"Don't invest more than you can lose. The market is a risky place."

Sound familiar? When I became interested in investing, my grandmother, who had done fairly well with her investments, gave me that very advice. Of course, I didn't want to lose money (who does?), so I did some reading and discovered  the "stop-loss" order. It will automatically sell a stock if the price drops to a certain level, or by a certain percentage.

"What a great idea!" I thought to myself. "Something that limits my downside!"

For many investors, the proxy for risk is volatility. Investors assume that to avoid losing money (Warren Buffett's first rule of investing), they should try to minimize volatility. And since a stop-loss order gets you out when the price goes down, many investors employ stop-losses to avoid financial losses.

The dangers of stop-loss
But let's see how that idea works in practice. Here's a table showing your returns if you'd bought the following companies on Jan. 2, 2003, and then sold after the first 15% decline. (We've also included how long that decline took.) Compare those figures with the returns you would have gained by holding those stocks through the bad times, including this year's downturn, up through the end of last month.


With 15% Stop-Loss

Time to Sale


Cisco (Nasdaq: CSCO)


4.6 weeks


Corning (NYSE: GLW)


2.2 weeks


DuPont (NYSE: DD)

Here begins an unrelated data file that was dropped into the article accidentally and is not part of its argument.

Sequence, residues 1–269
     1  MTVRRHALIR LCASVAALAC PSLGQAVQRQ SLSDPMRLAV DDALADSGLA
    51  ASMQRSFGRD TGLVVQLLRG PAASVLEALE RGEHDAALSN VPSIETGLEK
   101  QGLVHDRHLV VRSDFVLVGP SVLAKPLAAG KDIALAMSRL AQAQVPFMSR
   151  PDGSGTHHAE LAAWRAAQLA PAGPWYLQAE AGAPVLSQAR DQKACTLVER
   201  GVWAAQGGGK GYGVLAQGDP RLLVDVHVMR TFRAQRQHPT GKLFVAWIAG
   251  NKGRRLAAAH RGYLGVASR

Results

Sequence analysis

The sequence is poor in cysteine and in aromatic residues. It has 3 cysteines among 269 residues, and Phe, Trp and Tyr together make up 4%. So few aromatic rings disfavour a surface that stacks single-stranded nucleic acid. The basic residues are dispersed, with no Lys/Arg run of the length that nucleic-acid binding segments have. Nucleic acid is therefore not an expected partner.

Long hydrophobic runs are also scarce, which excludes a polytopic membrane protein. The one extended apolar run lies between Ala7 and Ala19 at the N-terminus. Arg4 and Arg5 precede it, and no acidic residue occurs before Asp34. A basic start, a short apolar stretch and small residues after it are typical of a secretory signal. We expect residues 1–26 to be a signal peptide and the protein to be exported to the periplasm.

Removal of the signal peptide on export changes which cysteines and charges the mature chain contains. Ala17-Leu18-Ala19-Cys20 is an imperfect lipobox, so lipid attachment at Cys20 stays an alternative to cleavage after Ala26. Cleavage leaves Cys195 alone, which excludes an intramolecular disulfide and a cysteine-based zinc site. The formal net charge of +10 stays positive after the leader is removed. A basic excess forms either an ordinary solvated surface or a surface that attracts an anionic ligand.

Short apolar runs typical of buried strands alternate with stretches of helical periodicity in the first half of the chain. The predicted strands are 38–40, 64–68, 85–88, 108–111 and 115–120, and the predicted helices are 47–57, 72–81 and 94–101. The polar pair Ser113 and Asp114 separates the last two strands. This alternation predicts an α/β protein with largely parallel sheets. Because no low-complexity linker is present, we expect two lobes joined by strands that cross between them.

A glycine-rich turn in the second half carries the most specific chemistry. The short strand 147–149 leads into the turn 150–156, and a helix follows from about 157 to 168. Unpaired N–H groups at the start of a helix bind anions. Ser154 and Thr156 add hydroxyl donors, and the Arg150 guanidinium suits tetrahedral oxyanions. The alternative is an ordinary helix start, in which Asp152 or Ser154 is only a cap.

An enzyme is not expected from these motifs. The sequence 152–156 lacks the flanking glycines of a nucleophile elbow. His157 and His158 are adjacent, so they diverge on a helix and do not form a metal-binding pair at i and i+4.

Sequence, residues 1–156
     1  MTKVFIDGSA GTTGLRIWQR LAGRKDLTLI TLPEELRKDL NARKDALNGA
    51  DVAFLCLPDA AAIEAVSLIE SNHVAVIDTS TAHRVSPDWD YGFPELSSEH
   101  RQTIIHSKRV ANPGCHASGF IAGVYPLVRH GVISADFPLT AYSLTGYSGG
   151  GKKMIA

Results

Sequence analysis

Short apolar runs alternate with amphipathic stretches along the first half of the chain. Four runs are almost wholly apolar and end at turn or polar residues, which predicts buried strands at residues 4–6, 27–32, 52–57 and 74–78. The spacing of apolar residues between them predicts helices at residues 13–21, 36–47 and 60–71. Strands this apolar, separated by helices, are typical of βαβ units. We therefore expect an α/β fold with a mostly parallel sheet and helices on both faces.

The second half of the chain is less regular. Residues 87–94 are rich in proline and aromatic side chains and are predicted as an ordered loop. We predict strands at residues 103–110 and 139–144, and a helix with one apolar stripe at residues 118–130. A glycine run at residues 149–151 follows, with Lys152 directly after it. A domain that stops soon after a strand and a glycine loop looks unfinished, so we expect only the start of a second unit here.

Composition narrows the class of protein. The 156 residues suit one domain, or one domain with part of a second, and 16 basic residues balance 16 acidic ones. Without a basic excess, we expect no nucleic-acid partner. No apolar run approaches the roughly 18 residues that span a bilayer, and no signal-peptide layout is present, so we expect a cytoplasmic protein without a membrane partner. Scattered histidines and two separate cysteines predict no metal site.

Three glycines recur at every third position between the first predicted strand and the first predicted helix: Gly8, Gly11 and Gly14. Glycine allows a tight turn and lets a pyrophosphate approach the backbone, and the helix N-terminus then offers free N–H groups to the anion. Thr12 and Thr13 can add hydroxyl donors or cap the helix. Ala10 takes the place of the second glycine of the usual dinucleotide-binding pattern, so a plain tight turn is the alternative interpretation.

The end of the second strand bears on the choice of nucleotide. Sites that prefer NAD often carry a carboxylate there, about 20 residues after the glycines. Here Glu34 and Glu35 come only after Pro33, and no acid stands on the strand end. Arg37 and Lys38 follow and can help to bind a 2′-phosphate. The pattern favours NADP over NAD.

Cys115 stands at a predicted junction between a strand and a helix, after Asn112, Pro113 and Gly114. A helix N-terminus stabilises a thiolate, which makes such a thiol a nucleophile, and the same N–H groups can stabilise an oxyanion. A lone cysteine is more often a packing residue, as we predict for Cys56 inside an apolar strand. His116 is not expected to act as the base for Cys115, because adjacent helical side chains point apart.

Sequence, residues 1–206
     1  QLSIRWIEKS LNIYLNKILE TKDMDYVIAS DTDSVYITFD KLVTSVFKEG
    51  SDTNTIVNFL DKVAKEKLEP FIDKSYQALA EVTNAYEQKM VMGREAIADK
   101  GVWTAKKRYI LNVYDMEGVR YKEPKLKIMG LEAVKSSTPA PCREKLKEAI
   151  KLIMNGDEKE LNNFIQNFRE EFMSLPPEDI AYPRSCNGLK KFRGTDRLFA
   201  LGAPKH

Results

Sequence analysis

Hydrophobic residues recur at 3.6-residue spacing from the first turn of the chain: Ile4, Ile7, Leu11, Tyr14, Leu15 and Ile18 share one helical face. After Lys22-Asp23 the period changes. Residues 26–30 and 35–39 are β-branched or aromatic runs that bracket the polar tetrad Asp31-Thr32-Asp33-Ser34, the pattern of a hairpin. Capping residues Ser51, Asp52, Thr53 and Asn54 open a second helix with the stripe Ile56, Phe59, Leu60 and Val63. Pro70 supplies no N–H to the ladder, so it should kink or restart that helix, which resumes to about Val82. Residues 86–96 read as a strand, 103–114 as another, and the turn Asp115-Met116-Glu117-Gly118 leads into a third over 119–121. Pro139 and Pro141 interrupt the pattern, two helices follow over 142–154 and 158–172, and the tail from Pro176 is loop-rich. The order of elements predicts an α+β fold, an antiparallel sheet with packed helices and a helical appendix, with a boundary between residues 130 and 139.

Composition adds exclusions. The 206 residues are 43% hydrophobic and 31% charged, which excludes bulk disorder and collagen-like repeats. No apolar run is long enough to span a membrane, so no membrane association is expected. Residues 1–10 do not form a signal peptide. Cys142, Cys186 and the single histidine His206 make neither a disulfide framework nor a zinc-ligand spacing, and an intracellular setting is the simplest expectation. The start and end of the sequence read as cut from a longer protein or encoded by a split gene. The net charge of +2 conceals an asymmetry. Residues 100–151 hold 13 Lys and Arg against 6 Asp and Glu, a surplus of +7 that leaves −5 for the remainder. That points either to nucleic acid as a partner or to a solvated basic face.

3.6 weeks


McDonald's (NYSE: MCD)


3 weeks


Nabors Industries (NYSE: NBR)


5.5 months


Valero (NYSE: VLO)


3.8 weeks




5 weeks


Doesn't compare too favorably, does it? Rather than limiting downside, the stop-loss seems to be limiting upside ... and this table isn't limited to outlandish winners.

Wait a second ...
I can hear some people saying that it's possible to get back in when the stock begins to go back up. But how would you know when to get back in? And even if you did, no stock climbs steadily upward. Corning, for example, would have triggered sales eight separate times in 2003 alone using a 15% stop-loss strategy.

Those trades cost money -- you'll pay commissions for each stop-loss sale and subsequent repurchase, eating into your overall returns. And note that every single one of those sales came within a year of buying, potentially triggering painful short-term capital-gains taxes on each. The only real winners in this scenario are your broker and the IRS.

Try this instead
To limit risk, pick good companies, buy them to hold for the long term, and continually learn about their businesses. This is what we do over at Motley Fool Stock Advisor. Fool co-founders David and Tom Gardner recommend only companies with excellent long-term prospects, and our community of thousands of Fools actively follows each recommendation on our dedicated discussion boards. The knowledge gained there leads to more confident investing, and helps our members understand and endure temporary declines. And because some declines are inevitable, as we've recently seen, we encourage folks to either ignore them, or use them to supercharge returns by buying more shares -- as long as the underlying business remains strong.

Together, in almost six years of the service, David and Tom have averaged returns of 51%, compared with 14% for the S&P 500. If that sounds like a good deal to you, try the service free for 30 days. You have nothing to lose.

This article was originally published Sept. 9, 2006. It has been updated.

Jim Mueller does not own shares of any of the companies mentioned. The Fool has an ironclad disclosure policy.